NFL Picks Week 13: 5 Wagers with the Most Value for Bettors
While there is no scientific formula to guarantee success in Week 13, we have a pretty good idea where each team sits by now, after 12 weeks of data.
Going toe-to-toe with Vegas oddsmakers is a risky business, and without any inside information, I’m basing these value plays off of instances where The Strip may overrate the public perception of an injury, hot streak or recent disappointment.
Recent injuries to starting QBs and elite teams with less desire to run up the score also provide angles worth further scrutiny.
All lines current as of 11/29/11
Kansas City Chiefs (+8) at Chicago Bears
Both teams are starting unproven quarterbacks, and eight points is a hefty spread for the Bears' Caleb Hanie (18-of-36, 2 TDs, 3 INTs in Week 12) to cover, even at home.
The Chiefs have certainly regressed during their four-game skid behind Tyler Palko, whose 47.5 QB rating in two-plus games is just not going to cut it in the NFL.
Backing Palko’s Chiefs on the road against a stellar defense is frightening, but no one outside the Palko household believes that Tyler is a better QB than Kyle Orton—and why not dust off the old Bear in a return to Soldier Field?
Orton can’t demand his way out of Kansas City this season, and Palko’s play has earned him the right to test a TD-plus spread against Caleb Hanie.
Denver Broncos (+1) at Minnesota Vikings
Despite the many questions surrounding Tebow’s passing, I’m surprised that the Broncos are underdogs heading into a possibly Peterson-less showdown.
Adrian would be unwise to return to action against the Broncos' stifling defense for the 2-9 Vikings, and in a game certain to be decided by a field goal or less, you have to like Tebow’s chances.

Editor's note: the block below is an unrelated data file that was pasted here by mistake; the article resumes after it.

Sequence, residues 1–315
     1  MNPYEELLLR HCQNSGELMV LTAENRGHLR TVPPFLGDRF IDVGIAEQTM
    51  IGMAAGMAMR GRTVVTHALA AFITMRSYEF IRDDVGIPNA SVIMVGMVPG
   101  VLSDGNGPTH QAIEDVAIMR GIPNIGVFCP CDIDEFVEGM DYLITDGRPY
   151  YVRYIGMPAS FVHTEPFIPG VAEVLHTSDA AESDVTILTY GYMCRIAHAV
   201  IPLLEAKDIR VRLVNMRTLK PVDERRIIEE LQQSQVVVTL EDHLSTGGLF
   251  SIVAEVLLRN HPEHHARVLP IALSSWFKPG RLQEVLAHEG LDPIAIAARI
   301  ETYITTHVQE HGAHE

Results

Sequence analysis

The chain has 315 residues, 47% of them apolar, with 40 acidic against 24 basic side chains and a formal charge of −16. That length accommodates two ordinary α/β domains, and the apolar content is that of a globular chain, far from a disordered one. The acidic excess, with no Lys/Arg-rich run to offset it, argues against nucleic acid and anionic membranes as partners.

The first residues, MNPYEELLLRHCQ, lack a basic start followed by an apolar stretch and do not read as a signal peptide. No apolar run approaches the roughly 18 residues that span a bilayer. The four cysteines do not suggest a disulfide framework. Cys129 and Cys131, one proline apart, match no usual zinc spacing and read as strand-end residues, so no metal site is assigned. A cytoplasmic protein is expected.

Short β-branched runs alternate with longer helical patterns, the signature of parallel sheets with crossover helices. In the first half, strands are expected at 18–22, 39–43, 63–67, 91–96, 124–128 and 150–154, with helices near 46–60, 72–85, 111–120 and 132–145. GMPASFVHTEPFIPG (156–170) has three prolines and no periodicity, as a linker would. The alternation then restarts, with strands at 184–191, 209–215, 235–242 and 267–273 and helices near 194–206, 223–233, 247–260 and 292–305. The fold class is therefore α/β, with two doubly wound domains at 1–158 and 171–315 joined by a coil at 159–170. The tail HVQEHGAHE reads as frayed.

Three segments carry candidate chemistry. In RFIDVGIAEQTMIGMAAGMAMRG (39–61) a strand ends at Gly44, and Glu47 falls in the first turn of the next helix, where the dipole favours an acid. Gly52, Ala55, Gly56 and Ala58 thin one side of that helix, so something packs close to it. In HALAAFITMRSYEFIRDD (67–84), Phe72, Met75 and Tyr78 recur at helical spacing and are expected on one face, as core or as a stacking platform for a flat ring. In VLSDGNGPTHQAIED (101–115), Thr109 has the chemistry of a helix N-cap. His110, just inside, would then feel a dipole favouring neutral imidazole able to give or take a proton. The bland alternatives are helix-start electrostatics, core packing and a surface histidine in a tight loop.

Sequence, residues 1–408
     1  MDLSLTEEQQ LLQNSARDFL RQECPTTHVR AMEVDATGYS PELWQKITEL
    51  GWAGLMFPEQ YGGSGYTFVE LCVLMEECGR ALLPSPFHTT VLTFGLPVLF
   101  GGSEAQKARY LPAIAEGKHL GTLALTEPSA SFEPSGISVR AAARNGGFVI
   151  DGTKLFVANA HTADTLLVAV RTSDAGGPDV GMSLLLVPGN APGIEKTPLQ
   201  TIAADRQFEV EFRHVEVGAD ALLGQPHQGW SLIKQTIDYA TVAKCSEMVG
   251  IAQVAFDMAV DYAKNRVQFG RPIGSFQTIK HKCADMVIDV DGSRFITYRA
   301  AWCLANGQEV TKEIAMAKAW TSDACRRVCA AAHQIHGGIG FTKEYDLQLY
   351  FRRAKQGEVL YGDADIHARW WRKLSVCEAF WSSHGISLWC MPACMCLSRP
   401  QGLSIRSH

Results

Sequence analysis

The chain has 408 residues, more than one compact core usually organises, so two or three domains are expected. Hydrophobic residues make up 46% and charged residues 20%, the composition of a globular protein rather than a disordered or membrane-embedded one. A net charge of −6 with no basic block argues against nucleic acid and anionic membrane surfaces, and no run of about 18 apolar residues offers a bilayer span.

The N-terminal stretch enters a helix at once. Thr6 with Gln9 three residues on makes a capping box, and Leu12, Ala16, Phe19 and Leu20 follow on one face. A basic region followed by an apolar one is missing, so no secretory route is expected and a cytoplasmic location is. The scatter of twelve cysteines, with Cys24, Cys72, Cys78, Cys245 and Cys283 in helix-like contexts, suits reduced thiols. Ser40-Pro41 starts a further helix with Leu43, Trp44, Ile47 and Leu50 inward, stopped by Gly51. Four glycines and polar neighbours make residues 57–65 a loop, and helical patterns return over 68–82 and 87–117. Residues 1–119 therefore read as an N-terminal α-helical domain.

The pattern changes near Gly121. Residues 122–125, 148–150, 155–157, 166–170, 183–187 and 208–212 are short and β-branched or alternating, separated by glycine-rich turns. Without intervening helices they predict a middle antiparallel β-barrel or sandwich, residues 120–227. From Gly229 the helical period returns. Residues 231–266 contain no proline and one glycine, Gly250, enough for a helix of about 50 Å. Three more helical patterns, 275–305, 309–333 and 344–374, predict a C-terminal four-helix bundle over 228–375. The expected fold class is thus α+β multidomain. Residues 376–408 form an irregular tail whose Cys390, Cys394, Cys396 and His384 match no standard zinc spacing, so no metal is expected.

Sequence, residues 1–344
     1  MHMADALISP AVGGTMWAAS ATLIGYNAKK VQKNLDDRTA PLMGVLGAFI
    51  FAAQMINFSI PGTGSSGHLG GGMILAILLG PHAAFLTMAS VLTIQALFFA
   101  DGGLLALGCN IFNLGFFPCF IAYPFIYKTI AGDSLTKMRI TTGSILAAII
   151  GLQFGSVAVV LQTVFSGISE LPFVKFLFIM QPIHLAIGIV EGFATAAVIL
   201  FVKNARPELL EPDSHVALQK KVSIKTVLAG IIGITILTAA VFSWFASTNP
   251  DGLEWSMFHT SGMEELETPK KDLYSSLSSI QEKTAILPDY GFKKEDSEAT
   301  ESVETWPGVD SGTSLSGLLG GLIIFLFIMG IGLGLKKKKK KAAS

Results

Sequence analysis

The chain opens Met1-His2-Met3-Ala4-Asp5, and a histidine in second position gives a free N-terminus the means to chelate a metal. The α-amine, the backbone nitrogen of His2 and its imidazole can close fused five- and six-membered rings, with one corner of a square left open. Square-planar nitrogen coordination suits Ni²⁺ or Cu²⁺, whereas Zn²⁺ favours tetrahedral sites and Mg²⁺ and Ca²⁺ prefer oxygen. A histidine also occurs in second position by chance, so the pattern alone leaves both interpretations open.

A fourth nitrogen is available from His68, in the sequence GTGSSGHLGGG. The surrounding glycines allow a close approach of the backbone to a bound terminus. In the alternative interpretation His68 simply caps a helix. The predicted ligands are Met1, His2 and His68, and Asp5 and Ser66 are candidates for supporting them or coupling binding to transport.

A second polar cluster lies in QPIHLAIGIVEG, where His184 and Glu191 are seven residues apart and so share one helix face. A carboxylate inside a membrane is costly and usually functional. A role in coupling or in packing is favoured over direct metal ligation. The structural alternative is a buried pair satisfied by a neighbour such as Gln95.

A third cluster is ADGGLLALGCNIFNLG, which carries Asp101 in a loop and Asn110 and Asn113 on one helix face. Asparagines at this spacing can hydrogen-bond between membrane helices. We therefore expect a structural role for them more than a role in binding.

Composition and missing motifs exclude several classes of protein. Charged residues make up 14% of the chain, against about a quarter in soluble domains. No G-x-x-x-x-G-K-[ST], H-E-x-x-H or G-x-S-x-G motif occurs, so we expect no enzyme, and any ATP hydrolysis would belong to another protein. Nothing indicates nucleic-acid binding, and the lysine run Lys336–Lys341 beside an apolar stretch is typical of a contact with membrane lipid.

Be wary of any line that seems too obvious for the more nationally popular team, but give the Broncos' running game another vote of confidence against a top-selecting team next April.
Atlanta Falcons (-3) at Houston Texans
The Atlanta Falcons rarely impress anyone, even in victory, and that’s the only reason I can give to explain why TJ Yates is putting up less than a touchdown.
Yes, the Texans defense is in the top five against both the run and pass, and yes, the Texans finally have Andre Johnson back in the lineup, but TJ Yates is—who is TJ Yates??
Only under the most dire of circumstances is it acceptable to rehash the Brett Favre conversation, but if I’m Texas, sitting at 8-3, I’ve already called his agent.
Atlanta has the second-rated run defense with which to stop Arian Foster, and they will easily cover three points if Mr. Yates is trusted to pass the team to victory.
New Orleans Saints (-9) vs. Detroit Lions
Calvin Johnson and company have enough offensive clout to scare potential bettors away from taking the Saints, but now is not the time to doubt a Drew Brees juggernaut.
The Saints will cover the TD-plus spread by sprinting to an early lead against the Suh-less pass defense, negating Detroit’s recent success on the ground and forcing Stafford to rely on Nate Burleson and Titus Young.
Megatron’s three-game streak without reaching 100 receiving yards is no fluke, as opposing defenses vastly prefer to gamble against Young’s inconsistent routes and Burleson’s shaky hands.
The Saints truly appreciate the Who ‘Dat home-field advantage and won’t ruin their undefeated home record against their limited opponent.
Lock of the Week: Indianapolis Colts (+21) at New England Patriots
Look, I’m not going to sit here and tell you that the Colts have a prayer in this game or even possess the desire to play football anymore, but there is no way Bill Belichick is going to reveal his best playbook on the Manning-less Luck-winners.
A far more likely recourse is to simply run BenJarvus Green-Ellis and Danny Woodhead right down the Colts' throats and get this game over with as soon as possible.
The Patriots have no need to risk 5’9” Welker’s health or test Brady’s arm against a team they could beat with their practice squad (and will).
The Colts' Jim Caldwell is fighting for his job and just promoted unheralded Dan Orlovsky (first start since 2008) to combat Bill Belichick in a move that suggests the Colts are still trying.
Burning the clock on the ground may be the best game plan Caldwell has to keep the score close, and you have to like a three-touchdown underdog in a game where both teams have ample reason to run.
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